I never realized how commemorative this particular past weekend in June was until I started reflecting on it.
On Thursday, June 20th it was World Refugee Day. I took part in a celebration to commemorate the millions of displaced persons all over the world that have been forced to flee their homes. This day is always an important one for me because of the many incredible refugees I have met throughout my career. I love that there is a day specifically designated to pay homage to the tribulations of refugees as it can become quite easy to live in our Northwestern bubble and forget that we were lucky to have been born in such a privileged place.
Friday, June 21st was National Aboriginal Day. I admire First Nations and Aboriginal culture, so this was a perfect opportunity to bask in the beauty of it. Though I think this designated date is grossly under-rated,its the one day where the media starts to (almost) equally represent First Nations issues and cover stories of relevance and importance. Canada seriously needs to step up it’s game when it comes to addressing some of these issues and fixing the reckless damage caused to FN culture. But that’s probably best left to another blog.
Yesterday, Saturday, June 22nd was Pride Day in Regina. I was invited by a friend representing the Liberal Party to partake in the parade. Who says no to participating in a parade?! Of course, I agreed. I have to say, I was more than impressed. I have never been anywhere in my life where I felt more acceptance. No one was judging, no one was staring anyone down. Everyone was so friendly, warm and inviting. It’s like you could be anyone or anything and no one would have cared. I felt an overwhelming calmness wash over me, even though the place was buzzing with excitement, hugging, laughs, and a lot of eyeshadow. I felt so comfortable and confident about where I was and what I was doing. The significance of that moment made me realize how amazing it was that this was all happening.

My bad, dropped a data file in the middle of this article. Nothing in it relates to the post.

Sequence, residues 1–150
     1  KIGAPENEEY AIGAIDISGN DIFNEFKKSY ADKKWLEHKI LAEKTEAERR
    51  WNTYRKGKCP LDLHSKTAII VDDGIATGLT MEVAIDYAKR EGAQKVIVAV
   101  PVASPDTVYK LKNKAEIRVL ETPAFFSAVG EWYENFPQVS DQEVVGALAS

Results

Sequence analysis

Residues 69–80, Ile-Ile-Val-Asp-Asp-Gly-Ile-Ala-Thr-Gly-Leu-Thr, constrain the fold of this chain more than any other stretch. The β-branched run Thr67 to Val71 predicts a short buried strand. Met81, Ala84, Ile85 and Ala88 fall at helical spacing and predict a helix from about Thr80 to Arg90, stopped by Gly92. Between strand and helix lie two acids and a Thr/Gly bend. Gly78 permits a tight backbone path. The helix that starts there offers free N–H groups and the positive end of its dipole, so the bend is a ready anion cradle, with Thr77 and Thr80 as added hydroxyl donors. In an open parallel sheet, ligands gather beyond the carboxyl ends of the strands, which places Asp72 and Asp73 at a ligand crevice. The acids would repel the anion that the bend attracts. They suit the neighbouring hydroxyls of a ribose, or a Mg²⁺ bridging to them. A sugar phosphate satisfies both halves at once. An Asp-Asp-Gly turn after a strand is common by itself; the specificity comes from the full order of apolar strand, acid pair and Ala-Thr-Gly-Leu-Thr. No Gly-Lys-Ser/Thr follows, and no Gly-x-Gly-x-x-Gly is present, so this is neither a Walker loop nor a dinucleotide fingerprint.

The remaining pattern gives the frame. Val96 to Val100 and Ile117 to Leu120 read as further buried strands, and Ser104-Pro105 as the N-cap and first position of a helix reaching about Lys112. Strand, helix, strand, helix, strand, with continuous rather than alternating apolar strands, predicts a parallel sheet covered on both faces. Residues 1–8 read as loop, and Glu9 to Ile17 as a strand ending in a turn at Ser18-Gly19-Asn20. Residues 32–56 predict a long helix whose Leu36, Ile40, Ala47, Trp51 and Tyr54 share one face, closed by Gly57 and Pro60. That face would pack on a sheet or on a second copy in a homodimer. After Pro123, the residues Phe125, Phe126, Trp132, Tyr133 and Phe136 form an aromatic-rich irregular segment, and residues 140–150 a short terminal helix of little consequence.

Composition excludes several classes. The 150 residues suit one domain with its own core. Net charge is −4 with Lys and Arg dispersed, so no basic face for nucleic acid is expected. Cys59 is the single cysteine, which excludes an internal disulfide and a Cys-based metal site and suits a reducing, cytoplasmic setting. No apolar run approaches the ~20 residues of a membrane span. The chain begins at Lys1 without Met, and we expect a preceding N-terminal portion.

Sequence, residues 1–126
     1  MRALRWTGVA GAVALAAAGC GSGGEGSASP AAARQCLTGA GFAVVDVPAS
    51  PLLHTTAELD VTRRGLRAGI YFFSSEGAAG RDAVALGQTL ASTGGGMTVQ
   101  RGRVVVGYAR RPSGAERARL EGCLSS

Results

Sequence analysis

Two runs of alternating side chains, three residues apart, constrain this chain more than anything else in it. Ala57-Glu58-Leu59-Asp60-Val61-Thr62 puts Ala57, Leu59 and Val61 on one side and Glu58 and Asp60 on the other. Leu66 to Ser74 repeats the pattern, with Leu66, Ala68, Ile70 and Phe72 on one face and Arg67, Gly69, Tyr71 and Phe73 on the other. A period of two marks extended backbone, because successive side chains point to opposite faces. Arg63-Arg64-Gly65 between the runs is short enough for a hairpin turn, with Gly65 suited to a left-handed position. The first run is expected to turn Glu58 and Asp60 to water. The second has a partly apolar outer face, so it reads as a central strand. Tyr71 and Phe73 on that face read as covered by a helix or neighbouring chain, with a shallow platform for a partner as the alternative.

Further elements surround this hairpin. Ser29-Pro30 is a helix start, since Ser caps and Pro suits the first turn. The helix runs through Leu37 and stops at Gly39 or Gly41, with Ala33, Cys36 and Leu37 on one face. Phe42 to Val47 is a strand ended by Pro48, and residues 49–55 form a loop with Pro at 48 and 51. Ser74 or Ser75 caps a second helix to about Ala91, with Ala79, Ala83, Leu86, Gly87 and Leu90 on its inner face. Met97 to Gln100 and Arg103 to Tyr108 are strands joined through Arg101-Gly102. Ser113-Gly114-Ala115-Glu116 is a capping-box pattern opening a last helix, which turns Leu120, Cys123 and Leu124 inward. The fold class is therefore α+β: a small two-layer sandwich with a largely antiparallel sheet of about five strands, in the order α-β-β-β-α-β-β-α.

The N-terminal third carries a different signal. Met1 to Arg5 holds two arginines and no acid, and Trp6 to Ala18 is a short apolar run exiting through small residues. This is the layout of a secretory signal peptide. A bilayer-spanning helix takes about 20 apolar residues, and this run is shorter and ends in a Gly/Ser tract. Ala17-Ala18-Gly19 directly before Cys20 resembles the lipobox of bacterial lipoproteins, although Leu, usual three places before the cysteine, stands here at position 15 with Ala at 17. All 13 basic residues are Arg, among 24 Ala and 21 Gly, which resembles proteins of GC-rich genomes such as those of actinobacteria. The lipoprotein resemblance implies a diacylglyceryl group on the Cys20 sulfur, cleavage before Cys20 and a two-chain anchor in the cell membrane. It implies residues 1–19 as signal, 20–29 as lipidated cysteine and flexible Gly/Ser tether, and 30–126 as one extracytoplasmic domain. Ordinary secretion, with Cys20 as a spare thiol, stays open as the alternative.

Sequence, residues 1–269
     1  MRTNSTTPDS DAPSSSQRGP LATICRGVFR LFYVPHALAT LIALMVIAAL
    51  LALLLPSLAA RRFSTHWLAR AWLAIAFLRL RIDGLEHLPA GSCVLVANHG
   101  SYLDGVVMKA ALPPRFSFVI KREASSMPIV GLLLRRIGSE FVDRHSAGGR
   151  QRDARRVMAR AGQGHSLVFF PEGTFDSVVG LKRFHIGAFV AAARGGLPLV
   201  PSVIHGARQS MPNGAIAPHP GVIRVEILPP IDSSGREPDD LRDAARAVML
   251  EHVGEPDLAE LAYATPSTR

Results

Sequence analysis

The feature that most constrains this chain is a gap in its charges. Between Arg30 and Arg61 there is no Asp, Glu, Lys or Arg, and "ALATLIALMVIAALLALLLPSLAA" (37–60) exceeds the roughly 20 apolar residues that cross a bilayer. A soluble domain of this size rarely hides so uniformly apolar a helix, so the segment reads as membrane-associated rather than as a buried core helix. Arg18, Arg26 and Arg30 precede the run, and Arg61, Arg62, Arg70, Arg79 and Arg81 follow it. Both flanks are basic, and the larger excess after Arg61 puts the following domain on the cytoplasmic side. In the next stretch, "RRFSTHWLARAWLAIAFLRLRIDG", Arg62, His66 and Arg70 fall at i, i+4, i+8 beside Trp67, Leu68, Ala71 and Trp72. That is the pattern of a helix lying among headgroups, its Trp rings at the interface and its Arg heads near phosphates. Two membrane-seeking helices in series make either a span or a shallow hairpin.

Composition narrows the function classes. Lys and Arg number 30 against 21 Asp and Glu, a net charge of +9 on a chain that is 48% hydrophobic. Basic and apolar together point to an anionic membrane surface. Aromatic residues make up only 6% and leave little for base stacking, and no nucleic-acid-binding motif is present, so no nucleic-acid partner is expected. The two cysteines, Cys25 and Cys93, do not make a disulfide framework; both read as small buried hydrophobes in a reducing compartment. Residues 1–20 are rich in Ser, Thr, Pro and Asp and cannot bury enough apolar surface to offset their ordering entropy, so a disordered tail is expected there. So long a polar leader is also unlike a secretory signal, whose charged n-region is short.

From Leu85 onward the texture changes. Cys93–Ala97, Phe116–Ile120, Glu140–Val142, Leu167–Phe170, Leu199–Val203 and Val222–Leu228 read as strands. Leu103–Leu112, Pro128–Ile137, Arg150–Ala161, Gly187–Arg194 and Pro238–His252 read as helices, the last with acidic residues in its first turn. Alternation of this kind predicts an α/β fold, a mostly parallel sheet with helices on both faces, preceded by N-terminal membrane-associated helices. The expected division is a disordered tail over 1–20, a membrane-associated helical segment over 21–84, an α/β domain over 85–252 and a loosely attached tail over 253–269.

I have always loved the idea of being part of something that is bigger than myself. This was exactly what this situation gave me. I think about my generation and how fucked up things are. With social media, the obsession with celebrities, etc., sometimes I feel like we are going backwards when it comes to progressive movements. But then I just have to open my eyes to the bigger picture. My generation is seeing some pretty significant movements. The LGBT movement is one of them. I would like to think that every step I took in that parade was a step in the right direction towards equality.
It made me think about my life and how I grew up too. Liking boys, flirting with them, dating them, and other things. Then to imagine my life having all of those thoughts, feelings and experiences and having people I don’t even know tell me it’s wrong. I have never had to feel guilty about my sexuality, I couldn’t even imagine what that would be like.
Probably the best part of my whole weekend was when we were nearing the end of the route for the parade. On one of the corners a few people were holding a sign that said, “will you marry me?” as two women wept and held each other. I was so far down the parade line, I missed the good part, but it was still like a scene out of a movie and incredibly romantic. I can’t even begin to think of a time when this love couldn’t be what it is, and I’m pretty happy about that.